For some stitchers, the thought of tackling a quilt can be a little daunting! What advice would you give to sewers who are new to the art?
Start small! You don’t need to make a double bed quilt with your very first project. If you like the look of a block, then start by making it as a cushion. If it works out and you fall in love, just keep adding blocks until you have a quilt! That’s why I have included a couple of methods in my book for finishing cushions, as well making table runners and bags too. Take small steps that can be finished quite quickly and the feeling of success you get will propel you onto to bigger things!
What’s been your most memorable quilt?
I think of quilts are incredibly personal items and they take time, money and effort to create. Because they provide warmth, and you can wrap yourself up in one, I feel it is a hug that you can enjoy when I am not with you. If you are lucky enough to be given one of my quilts, it is because I love you. So my most memorable quilt is very personal indeed. It was a disappearing 9 patch that I made for my Dad and it was my first completed project. My dad kept it on his bed for years, and when he had to move into a hospice last year it had to go with him as a piece of home. When he passed away, he wanted to take it with him, so he was cremated wrapped in this quilt. When I think of that quilt, I imagine it keeping him warm for all eternity!
Readers may recognise you from your presenter role on Create and Craft. How did that opportunity come about?
I was approached by Create and Craft after Jennie Rayment gave them my name (so this is all her fault!) I was running a fabric shop and workshop centre and they were looking for someone who could demonstrate Simplicity rulers on TV. I resisted for a while – I had been doing crafts on BBC Radio Cambridge and that was enough. I wasn’t keen on the idea of TV. But no one says No to Jennie for long, and so I went for a screen test. That was 6 years ago now and I still love it, despite the long hours and pressure of constantly coming up with ideas for shows. It has opened so many doors for me and I have met so many fantastic people. I even have my own show now – Sarah’s Sewing Studio – which is on once a month. I can’t believe that I am lucky enough to have a hobby that is my job – and a job that is my hobby! Over the years there have been many funny moments – some of which I couldn’t possibly repeat including mis spoken words, wardrobe malfunctions, machinery malfunctions, a presenter (who shall remain nameless) falling asleep on my show because his young son wasn’t yet sleeping through the night yet, and many more. But the best thing is the fun we have. There is a real respect between the presenters and the guest, and real friendships and I think that really shows on screen. This obviously leads to mishaps and Nigel May is the worst culprit for making me laugh!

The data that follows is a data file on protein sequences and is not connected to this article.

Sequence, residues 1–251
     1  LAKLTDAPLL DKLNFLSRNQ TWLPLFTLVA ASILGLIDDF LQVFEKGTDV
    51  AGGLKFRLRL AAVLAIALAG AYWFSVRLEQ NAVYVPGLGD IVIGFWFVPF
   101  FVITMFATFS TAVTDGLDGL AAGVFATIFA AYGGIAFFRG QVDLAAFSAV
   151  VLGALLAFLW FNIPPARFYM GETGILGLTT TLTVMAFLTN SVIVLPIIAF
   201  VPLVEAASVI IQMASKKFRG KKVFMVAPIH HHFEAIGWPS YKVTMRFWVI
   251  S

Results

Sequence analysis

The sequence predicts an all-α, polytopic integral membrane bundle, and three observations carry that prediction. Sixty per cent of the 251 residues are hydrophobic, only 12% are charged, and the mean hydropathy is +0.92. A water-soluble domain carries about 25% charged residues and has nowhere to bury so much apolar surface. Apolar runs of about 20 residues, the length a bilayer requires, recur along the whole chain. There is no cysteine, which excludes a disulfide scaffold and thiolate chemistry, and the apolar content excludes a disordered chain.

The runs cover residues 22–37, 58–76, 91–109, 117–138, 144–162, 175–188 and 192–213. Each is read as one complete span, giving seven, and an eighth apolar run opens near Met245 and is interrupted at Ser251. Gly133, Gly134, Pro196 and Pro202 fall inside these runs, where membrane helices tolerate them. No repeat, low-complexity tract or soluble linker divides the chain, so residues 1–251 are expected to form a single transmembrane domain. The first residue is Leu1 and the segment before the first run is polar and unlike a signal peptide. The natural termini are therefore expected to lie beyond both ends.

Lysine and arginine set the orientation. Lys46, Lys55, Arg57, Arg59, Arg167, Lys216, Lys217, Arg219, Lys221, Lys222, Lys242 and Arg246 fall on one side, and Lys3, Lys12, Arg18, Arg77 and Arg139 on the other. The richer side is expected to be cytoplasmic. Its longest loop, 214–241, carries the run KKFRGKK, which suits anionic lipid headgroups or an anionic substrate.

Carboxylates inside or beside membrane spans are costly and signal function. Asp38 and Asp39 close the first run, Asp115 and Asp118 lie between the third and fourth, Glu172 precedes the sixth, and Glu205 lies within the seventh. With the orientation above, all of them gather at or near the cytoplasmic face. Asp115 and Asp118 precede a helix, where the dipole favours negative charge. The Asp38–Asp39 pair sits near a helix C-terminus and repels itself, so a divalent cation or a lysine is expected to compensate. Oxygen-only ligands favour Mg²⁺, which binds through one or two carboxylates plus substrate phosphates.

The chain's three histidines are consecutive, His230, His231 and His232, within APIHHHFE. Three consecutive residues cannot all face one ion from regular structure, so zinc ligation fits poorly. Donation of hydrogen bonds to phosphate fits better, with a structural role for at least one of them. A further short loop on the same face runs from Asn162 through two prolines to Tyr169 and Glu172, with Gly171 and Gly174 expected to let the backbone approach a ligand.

Your quilts have taken you in front of the camera and all over the world, what has been the best moment of your career so far?
There have been so many to choose – obviously the book is a huge moment for me. Launching my first fabric range earlier this year was major! Just going into a store like Hobbycraft and seeing your fabric on sale is a dizzying moment! I admit to taking a sneaky photo when I hope no one was watching. But my personal highlight was teaching for a Charity called Quilts For Kids in Nepal in 2017 and again in 2018. I was teaching a group of ladies who live in a slum in Kathmandu who make quilts to sell – and the proceeds from each quilt pays for one of their children to go to school for a year. The picture is dark because the room/home I was teaching in was a brick shack with no electricity, furniture or even a window. But the love and laughter that emanated from that room today was incredible and I am delighted to be involved with such a worthy charity. Teaching is something I love to do and watching someone grasp something new is always an amazing feeling.
Treat yourself to this fabulous quilter’s latest book Sarah Payne’s Quilt School, £12.99, searchpress.com